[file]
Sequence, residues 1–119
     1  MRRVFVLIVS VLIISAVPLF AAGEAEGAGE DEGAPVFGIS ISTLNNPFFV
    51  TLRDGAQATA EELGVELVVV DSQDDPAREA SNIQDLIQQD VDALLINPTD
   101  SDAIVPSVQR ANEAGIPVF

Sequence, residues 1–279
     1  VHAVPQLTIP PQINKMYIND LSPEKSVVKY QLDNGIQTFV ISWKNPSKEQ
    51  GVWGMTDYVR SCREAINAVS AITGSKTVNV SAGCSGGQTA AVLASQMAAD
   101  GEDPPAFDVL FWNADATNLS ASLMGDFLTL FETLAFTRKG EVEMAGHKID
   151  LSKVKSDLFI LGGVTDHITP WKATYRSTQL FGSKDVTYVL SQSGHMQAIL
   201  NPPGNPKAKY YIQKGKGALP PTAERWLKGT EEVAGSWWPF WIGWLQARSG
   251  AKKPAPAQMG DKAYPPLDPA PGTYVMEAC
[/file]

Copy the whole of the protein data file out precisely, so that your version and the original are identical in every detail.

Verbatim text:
Sequence, residues 1–119
     1  MRRVFVLIVS VLIISAVPLF AAGEAEGAGE DEGAPVFGIS ISTLNNPFFV
    51  TLRDGAQATA EELGVELVVV DSQDDPAREA SNIQDLIQQD VDALLINPTD
   101  SDAIVPSVQR ANEAGIPVF

Sequence, residues 1–279
     1  VHAVPQLTIP PQINKMYIND LSPEKSVVKY QLDNGIQTFV ISWKNPSKEQ
    51  GVWGMTDYVR SCREAINAVS AITGSKTVNV SAGCSGGQTA AVLASQMAAD
   101  GEDPPAFDVL FWNADATNLS ASLMGDFLTL FETLAFTRKG EVEMAGHKID
   151  LSKVKSDLFI LGGVTDHITP WKATYRSTQL FGSKDVTYVL SQSGHMQAIL
   201  NPPGNPKAKY YIQKGKGALP PTAERWLKGT EEVAGSWWPF WIGWLQARSG
   251  AKKPAPAQMG DKAYPPLDPA PGTYVMEAC